The k-means clustering algorithm is one of the simplest unsupervised machine learning algorithms, which can be used to automatically recognise groups of similar points in data without any human intervention or training.

The first step is to represent the data you want to group as points in an n-dimensional space, where n is the number of attributes the data have. For simplicity let’s assume we just want to group the ages of visitors to a website – a one-dimensional space. Let’s assume the set of ages is as follows:

*{15,15,16,19,19,20,20,21,22,28,35,40,41,42,43,44,60,61,65}*

Now there are a number of ways we could separate these points out; one obvious way that springs to mind is simply to iterate over the set and find the largest gap between adjacent ages. For some sets this can work quite nicely, but in our case it would give us quite unbalanced groups; 15-44 and 60-65, the latter containing just 3 points, and the former being far too broadly distributed.

Using k-means clustering we can obtain more tightly defined groups; consider the set {1,2,3,5,6,9} – using the simplistic greatest distance technique we gain two sets {1,2,3,5,6} and {9}, while the k-means algorithm produces a grouping of {1,2,3} and {5,6,9} – more cohesive clusters with less dispersion of points inside the groups – k-means tries to minimise the sum of squares within a cluster:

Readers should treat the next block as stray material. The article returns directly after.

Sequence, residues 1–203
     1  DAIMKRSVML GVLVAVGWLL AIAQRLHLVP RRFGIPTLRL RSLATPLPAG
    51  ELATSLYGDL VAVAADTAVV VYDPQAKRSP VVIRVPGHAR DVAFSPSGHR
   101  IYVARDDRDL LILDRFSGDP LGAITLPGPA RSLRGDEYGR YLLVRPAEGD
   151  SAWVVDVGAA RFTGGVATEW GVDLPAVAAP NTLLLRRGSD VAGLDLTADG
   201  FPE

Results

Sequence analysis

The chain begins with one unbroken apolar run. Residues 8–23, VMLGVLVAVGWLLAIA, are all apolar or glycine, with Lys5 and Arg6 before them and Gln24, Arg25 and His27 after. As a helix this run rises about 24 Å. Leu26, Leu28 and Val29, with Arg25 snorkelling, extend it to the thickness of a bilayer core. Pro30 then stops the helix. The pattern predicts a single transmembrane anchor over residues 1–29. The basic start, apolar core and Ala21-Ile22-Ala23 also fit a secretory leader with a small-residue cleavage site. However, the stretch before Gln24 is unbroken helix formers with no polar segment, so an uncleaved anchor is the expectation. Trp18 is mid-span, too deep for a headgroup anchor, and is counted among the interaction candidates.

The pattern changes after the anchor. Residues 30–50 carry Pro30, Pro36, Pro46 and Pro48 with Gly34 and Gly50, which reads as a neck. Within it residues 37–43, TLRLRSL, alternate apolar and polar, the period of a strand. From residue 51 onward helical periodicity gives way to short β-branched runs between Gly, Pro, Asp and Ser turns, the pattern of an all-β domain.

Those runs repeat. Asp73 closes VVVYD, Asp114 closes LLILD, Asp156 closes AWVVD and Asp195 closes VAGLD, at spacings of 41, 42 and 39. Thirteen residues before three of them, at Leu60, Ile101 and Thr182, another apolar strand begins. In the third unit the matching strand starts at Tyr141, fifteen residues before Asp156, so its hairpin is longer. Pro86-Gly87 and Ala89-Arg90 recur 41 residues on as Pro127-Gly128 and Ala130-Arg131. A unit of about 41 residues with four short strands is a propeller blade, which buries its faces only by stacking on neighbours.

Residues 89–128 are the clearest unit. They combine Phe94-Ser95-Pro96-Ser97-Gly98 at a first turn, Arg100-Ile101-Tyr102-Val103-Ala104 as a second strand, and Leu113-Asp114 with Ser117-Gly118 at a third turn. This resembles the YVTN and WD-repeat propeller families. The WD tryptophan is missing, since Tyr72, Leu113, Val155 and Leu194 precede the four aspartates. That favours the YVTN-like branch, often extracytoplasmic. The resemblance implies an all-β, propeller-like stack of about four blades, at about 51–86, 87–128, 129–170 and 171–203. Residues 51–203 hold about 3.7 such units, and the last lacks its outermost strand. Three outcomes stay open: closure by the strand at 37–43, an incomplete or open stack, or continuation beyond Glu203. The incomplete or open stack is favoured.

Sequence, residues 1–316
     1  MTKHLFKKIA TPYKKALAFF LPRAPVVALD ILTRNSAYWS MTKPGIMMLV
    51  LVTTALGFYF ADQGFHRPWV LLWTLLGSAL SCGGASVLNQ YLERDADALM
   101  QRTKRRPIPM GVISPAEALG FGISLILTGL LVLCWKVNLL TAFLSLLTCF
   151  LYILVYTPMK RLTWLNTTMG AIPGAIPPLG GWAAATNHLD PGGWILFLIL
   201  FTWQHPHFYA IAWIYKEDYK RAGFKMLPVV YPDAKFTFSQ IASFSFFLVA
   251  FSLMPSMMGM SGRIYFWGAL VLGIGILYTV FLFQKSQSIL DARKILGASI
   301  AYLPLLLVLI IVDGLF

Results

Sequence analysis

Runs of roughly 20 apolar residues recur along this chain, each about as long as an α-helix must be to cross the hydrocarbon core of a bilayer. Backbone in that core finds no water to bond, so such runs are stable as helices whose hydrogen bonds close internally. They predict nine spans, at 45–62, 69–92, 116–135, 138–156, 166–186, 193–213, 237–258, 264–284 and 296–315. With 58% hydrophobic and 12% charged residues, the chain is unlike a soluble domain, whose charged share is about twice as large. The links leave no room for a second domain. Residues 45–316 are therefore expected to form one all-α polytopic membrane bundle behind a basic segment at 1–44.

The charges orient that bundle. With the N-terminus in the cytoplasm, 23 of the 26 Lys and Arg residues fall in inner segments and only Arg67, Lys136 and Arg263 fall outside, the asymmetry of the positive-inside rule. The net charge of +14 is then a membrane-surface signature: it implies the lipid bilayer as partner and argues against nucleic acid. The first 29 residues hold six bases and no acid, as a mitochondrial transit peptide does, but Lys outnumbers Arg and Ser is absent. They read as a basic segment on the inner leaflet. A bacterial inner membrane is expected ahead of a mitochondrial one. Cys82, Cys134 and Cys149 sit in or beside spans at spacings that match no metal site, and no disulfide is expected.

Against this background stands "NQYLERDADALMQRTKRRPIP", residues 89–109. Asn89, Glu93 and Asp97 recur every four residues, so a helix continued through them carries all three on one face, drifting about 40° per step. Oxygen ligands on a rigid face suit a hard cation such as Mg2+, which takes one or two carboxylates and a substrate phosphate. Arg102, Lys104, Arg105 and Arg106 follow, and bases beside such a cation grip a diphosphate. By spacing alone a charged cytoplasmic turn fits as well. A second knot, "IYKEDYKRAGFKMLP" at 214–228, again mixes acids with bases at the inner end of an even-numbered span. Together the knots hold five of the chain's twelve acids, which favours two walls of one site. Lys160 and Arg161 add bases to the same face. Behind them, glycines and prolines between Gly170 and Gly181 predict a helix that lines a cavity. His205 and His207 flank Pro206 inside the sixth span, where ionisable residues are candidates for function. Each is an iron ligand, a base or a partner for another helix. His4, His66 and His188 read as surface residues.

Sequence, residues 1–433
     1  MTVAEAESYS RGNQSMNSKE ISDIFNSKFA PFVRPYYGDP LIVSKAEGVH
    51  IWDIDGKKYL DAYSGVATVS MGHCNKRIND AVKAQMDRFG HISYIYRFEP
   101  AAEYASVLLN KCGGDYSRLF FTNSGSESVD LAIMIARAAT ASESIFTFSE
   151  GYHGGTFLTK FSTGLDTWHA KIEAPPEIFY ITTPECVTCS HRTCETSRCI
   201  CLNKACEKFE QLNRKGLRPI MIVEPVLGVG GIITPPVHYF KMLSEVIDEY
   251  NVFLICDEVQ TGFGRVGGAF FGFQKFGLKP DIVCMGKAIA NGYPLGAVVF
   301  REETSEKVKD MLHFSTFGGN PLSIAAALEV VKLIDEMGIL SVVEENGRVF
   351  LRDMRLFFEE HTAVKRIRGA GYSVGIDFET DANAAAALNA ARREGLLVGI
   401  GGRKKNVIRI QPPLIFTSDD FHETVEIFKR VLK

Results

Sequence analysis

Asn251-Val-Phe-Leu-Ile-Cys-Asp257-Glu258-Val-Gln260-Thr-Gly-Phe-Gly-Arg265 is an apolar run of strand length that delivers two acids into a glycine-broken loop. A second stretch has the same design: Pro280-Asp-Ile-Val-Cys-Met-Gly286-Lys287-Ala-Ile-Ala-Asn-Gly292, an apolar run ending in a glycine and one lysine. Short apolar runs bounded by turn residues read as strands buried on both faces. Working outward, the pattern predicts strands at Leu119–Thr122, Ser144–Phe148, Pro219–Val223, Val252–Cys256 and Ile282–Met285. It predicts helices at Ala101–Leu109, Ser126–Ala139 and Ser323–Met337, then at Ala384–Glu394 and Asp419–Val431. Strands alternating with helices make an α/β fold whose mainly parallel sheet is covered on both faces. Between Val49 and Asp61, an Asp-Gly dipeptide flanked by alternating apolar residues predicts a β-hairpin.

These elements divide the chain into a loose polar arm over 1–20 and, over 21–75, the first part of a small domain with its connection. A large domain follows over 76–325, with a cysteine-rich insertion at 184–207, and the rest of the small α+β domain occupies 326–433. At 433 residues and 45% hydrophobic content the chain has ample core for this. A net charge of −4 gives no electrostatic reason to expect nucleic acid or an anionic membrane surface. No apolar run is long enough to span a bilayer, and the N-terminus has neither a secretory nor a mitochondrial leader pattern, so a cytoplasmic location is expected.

Notice how in the first set of clusters the outermost points of the first cluster are quite far away from the middle of the cluster, while in the second set, the points in both clusters are closer the center of their groups; making these clusters more well-defined, less sparsely populated.

Now let’s have a look at the algorithm and work through the example age data to see if we can get a tighter grouping than 15-44 and 60-65 using clustering:

**The algorithm:**

Firstly we pick *k* random points in the space as initial cluster co-ordinates, where *k*=the number of clusters you wish to obtain.

Then for each cluster, we work out the average value for that cluster, known as the centroid of the cluster.